Man painting the wallDecorating a space with bold colors is tricky. From choosing which specific hues to finding a way to make the design elements work with the other interior details, using bold colors is a tough design challenge. You’ve probably seen houses that sported strong colors on walls or furniture — and it didn’t look well. So, yes, there’s a wrong and right way to use bold colors in your space. If you want to do it right and pull off this project, try these tips:

Consider the style of your home

The first dilemma in designing with bold colors is actually which hues to use. If you don’t have anything yet in your space (no furniture or fixtures to take cues from), your starting point could be none other than the style of your home.

Interior design experts in Texas say that deep primary colors, like red and blue work well in traditional homes, while bold orange hues are perfect for Mediterranean houses. Most of them apply red velvets in Victorian-inspired properties. Take a cue from the style of your house.

Use negative space

This is an important interior design principle. Simply put, negative space refers to the space in any room that doesn’t have anything — no furniture, no wall art, no dangling lights, etc. This is the one element people overlook when they’re designing with bold colors. They’re so eager to apply these vibrant colors that all the design elements in the room are in that bold hue, making the space just a colorful mess and tiring to look at.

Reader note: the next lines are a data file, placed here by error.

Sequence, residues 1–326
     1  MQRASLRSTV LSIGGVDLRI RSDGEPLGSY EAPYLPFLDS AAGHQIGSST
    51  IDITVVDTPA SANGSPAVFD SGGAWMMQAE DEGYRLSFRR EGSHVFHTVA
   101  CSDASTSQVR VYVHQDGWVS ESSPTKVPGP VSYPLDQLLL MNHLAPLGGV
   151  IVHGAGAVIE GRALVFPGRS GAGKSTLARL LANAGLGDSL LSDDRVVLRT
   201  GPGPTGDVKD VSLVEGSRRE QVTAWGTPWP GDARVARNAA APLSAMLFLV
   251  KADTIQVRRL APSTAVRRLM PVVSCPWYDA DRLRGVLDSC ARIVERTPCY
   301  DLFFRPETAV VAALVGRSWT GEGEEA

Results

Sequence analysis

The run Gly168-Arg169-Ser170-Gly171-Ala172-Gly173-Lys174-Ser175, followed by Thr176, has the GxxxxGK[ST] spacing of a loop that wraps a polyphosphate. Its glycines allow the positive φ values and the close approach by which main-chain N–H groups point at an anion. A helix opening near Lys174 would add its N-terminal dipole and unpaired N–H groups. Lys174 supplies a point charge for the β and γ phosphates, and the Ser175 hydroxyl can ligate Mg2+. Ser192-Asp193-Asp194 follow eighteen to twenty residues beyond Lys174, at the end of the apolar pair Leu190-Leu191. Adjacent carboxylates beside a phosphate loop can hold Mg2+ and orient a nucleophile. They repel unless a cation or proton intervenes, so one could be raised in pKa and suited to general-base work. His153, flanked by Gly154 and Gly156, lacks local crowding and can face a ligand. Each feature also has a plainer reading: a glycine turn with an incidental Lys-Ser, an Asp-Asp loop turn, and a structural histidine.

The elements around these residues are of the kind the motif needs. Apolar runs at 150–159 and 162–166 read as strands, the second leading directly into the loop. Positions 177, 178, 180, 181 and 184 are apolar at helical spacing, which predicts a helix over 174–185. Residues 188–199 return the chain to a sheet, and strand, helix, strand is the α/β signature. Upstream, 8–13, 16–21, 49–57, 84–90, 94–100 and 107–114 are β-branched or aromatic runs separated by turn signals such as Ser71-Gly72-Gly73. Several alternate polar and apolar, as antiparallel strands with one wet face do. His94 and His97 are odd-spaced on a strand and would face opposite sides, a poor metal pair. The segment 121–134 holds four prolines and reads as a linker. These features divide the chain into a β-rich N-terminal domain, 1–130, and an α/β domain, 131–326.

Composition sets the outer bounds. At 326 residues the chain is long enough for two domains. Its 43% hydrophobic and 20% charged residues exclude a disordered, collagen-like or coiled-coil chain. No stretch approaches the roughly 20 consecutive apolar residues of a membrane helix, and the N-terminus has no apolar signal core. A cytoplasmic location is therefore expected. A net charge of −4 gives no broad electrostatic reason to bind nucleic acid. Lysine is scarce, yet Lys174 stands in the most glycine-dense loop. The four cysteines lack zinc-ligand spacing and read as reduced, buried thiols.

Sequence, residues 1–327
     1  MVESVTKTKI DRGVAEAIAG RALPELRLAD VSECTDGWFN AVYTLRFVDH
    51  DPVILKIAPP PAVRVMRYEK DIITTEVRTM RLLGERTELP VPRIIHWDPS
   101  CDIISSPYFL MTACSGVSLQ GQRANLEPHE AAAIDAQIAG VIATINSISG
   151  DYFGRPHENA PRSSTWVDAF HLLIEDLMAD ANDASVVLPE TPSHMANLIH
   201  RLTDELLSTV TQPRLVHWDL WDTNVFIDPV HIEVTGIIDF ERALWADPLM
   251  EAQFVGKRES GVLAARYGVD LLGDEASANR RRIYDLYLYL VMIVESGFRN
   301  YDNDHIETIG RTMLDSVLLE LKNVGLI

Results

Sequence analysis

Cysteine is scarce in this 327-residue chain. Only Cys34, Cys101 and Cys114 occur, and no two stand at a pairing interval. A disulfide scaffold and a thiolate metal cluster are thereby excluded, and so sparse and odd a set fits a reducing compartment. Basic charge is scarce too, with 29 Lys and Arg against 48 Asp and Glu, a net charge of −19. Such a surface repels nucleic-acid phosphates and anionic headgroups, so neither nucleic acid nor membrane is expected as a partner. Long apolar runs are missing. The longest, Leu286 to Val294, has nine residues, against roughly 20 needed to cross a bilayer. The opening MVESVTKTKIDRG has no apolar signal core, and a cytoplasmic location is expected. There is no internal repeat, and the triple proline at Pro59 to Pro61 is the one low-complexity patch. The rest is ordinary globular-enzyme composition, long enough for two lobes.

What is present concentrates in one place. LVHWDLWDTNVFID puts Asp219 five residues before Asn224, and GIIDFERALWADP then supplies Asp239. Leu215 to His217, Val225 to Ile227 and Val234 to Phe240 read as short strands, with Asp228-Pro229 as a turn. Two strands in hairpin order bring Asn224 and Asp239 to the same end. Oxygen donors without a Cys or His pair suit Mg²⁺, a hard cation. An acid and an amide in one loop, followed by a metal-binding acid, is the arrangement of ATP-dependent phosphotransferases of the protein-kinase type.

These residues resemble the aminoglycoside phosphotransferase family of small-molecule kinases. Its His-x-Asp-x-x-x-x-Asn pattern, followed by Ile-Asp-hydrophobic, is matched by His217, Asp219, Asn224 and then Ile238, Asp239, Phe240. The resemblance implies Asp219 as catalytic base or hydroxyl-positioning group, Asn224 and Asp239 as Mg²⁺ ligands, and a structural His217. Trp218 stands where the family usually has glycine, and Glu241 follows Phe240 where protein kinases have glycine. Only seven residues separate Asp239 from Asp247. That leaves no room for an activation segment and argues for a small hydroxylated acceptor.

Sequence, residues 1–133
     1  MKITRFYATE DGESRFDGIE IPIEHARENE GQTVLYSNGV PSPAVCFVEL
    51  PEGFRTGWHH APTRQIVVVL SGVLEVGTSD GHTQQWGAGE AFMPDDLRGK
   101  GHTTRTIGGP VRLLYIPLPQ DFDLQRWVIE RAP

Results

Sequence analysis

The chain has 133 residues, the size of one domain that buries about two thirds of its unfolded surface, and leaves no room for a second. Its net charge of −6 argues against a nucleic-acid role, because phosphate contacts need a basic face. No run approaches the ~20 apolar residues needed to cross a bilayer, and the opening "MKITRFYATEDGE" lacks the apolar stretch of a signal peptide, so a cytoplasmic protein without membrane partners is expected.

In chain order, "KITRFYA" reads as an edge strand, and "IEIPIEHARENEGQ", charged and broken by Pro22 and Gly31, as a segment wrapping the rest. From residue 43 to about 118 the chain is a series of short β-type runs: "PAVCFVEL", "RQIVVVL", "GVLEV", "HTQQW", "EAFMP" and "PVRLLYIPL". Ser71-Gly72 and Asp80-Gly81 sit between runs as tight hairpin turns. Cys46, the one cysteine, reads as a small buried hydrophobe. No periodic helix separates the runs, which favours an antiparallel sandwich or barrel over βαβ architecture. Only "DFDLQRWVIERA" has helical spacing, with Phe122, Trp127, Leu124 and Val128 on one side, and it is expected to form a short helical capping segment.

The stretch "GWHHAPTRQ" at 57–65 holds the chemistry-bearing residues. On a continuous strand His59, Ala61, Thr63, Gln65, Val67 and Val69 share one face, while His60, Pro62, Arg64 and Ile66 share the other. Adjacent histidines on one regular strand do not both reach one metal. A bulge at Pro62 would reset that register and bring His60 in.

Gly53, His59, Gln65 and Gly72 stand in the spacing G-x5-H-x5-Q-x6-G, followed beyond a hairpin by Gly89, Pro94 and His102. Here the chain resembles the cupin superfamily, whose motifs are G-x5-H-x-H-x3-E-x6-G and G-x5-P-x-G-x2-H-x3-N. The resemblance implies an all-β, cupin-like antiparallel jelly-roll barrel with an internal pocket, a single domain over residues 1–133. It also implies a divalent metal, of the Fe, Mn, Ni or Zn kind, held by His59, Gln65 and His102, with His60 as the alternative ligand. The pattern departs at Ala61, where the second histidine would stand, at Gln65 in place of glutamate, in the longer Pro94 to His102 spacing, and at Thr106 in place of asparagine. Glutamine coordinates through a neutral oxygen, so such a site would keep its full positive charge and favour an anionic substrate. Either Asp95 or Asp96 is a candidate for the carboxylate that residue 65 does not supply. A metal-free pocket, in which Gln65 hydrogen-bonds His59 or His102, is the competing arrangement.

You want to give the eyes respite from bold colors, so make use of negative space. If you’ve already used bright orange in your furniture, keep a neutral color in your walls or windows and just play with textures. For instance, pick a marble wall or window shutters. Plantation Shutters and other Fort Worth experts say that the textures of marble walls and shutters would help create visual interest.

Pick a specific corner

There’s always the option of not going bold all throughout the entire room. If you want to use a bold color in just one particular area of your living room, that’s a good call. You can make an accent wall on one corner and it can instantly be a focal point in that room.

Another good strategy — if you’re hesitant to use bold colors all throughout — is to use the same color as the bold one, but on a toned-down shade. This will tie all design elements easily.

Using bold colors in a space is tricky, but it’s possible to pull it off — with the right principles.